Parkland Press

Monday, November 18, 2019
PRESS PHOTO BY ELSA KERSCHNER David Baldinger and Marc Grammes, candidate for the 183rd Legislative District, talk following a meeting about abolishing school property taxes. PRESS PHOTO BY ELSA KERSCHNER David Baldinger and Marc Grammes, candidate for the 183rd Legislative District, talk following a meeting about abolishing school property taxes.

Senate, House bills would eliminate property taxes

Thursday, May 8, 2014 by ELSA KERSCHNER ekerschner@tnonline.com in Local News

Republican Marc Grammes, candidate for the House seat in the 183rd District, said he was running because he can make a difference.

According to Grammes, when he was knocking on doors and talking to area residents he discovered their biggest concern was property taxes.

As a result, he scheduled two meetings at the Vigilant Fire Company, Slatington, with David Bald-inger, spokesperson for the Pennsylvania Coalition of Taxpayer Associations.

Baldinger said the Pennsylvania General Assembly refuses to deal with pension plans and, for schools, that is a major problem because it gets dumped back to the locality. He showed Reading Eagle newspaper pages of sheriff sales of property for nonpayment of school taxes. There have been 10,000 foreclosures in the state, and that affects the local economy.

Property taxes began in the European Middle Ages and were brought to Pennsylvania in the early 1800s, Baldinger said, adding it was a tax on the wealthy because serfs did not have anything to tax.

"Houses do not generate value," Baldinger said. "It is arbitrary and unfair when cookie cutter houses in a development are assessed differently. "The only gauge of a property value is a willing seller and a willing buyer.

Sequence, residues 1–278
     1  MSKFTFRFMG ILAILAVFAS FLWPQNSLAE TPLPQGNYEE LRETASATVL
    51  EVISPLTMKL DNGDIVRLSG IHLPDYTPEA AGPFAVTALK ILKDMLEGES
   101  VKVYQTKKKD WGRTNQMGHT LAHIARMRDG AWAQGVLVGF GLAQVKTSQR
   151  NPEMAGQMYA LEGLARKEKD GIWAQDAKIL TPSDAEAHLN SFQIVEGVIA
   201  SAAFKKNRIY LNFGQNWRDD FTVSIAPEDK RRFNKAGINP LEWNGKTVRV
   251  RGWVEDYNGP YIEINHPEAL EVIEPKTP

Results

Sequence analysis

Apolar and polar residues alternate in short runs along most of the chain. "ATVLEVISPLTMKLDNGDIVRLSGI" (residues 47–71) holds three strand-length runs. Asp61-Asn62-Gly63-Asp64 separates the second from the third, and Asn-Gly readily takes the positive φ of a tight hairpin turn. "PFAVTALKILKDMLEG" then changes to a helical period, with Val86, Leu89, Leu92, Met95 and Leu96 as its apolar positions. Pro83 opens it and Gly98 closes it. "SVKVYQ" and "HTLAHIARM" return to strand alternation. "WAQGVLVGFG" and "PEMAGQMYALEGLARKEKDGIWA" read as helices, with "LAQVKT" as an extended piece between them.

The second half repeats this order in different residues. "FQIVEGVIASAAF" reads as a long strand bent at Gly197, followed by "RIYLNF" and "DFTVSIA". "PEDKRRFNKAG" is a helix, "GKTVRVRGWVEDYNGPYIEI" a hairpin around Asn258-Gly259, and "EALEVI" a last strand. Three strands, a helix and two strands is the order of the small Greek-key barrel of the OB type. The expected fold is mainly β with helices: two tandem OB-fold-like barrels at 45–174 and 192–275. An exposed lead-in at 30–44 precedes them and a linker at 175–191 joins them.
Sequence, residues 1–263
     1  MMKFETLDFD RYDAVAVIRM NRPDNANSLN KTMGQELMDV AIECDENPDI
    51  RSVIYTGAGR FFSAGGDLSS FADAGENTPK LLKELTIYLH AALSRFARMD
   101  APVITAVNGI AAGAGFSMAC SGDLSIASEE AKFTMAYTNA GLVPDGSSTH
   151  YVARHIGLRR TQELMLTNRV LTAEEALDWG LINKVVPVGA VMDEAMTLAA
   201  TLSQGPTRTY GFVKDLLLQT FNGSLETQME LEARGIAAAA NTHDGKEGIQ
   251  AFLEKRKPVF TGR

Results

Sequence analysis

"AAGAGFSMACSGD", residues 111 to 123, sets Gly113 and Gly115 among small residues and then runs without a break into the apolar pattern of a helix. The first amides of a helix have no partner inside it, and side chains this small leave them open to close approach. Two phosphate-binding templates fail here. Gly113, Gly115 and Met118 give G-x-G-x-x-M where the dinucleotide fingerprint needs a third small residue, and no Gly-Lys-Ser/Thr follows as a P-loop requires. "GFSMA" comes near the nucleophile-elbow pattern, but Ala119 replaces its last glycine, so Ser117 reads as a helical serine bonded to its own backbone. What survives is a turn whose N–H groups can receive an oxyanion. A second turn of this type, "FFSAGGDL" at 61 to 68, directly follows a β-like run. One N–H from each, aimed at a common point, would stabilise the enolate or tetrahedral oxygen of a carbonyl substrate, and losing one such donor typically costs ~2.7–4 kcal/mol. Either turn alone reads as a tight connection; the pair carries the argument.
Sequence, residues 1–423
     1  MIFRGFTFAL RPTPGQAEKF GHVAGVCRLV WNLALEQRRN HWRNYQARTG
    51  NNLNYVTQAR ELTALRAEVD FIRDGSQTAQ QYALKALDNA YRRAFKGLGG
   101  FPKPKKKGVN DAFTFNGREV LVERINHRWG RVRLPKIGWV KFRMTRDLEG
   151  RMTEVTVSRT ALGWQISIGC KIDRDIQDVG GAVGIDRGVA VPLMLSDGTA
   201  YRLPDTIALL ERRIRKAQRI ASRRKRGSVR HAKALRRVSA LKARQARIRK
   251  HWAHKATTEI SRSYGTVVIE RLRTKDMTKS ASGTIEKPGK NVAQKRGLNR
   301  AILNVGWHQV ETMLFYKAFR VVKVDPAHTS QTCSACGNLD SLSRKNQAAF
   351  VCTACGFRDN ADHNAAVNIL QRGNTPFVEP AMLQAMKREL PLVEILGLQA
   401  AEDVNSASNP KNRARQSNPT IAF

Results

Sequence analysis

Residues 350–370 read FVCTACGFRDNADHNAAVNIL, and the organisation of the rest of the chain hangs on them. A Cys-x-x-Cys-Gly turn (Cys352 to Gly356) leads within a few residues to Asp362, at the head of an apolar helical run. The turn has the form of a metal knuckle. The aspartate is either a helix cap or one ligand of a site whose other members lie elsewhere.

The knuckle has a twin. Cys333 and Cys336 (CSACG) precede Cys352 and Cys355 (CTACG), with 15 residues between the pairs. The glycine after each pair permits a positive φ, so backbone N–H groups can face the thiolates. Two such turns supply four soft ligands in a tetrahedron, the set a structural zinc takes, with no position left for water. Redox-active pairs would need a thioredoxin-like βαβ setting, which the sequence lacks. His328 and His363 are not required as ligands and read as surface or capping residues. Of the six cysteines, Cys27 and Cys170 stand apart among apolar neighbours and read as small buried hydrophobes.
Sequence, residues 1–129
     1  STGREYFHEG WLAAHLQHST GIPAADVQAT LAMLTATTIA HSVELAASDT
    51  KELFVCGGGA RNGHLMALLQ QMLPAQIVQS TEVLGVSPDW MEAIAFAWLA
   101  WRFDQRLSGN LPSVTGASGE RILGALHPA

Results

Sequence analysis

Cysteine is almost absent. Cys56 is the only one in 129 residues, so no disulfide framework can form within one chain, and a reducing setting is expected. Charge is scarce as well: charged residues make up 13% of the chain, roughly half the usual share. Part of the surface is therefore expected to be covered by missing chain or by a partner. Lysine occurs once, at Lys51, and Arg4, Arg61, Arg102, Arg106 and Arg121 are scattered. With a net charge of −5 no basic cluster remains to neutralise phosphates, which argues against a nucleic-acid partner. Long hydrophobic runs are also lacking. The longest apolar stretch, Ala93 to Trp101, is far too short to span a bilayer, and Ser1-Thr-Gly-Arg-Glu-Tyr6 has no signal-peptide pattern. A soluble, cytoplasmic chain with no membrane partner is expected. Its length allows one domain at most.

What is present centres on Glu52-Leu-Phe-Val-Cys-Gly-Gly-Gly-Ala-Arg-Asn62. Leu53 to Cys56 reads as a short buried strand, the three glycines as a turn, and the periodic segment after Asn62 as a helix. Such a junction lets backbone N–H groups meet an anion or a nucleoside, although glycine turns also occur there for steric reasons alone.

In one county, taxes went up 146 percent, wages 80 percent and inflation 59 percent. The supposed decrease in school taxes due to gambling money drew laughter from the audience. One man with more than a $4,000 tax bill said his decrease due to gambling was approximately $150.

Baldinger said relief, reform or reduction in property taxes are doomed to failure.

"The tax must be done away with," he said. "Yet many lawmakers say there is discontent in only a few districts. Replace the school property tax with a more broad-based equitable tax."

Baldinger said House and Senate bills 76, known as The Property Tax Elimination Act, were developed by members of the Legislature and 83 taxpayer groups that have been working to draft the bill since 2010.

The Act would eliminate the school property tax over a two-year period with specific exceptions such as to cover long-term debt dating to 2013 or earlier. Debt service on average takes 10 percent of a school's budget and 28 districts have no long-term debt.

"There must be realistic limits on increases in kindergarten through grade 12 spending, Baldinger said, adding the replacement tax would be tax-revenue neutral.

The sales tax would be increased to 7 percent and cover most items and services and personal income tax would be set at 4.34 percent. Excluded from the sales tax would be anything on the WIC list and items of clothing under $50 in value.

For the person paying $3,500 in property tax it would require sales taxable purchases of $50,000 to reach the same amount.

The Education Stabilization Fund would be in a lockbox to ensure the new taxes are not added to the General Fund. Accrued fund balance should not exceed 6 percent. Anything above that should go into the ESF, which will guarantee the revenue neutral status.

Basic Education Subsidies will not be changed.

The Pennsylvania Coalition of Taxpayer Associations is working on an amendment to forever abolish property taxes.

"People say the numbers don't work but the Independent Fiscal Office analysis said it will increase disposable income and home values will increase by 10 percent because every time the property tax goes up houses are worth less," Baldinger said. "It will increase the attractiveness of the commonwealth for businesses.

"Keystone Opportunity Zones bring businesses, but it is the politicians that get to choose who gets them. Make the whole state a KOZ."

Bill 76 has 87 cosponsors in the House and 25 in the Senate and there is bipartisan support.

"I've never been as optimistic as I am now. This is a clean bill," he said. "The single most important thing you can do is spread the word."For information go to ptcc.us.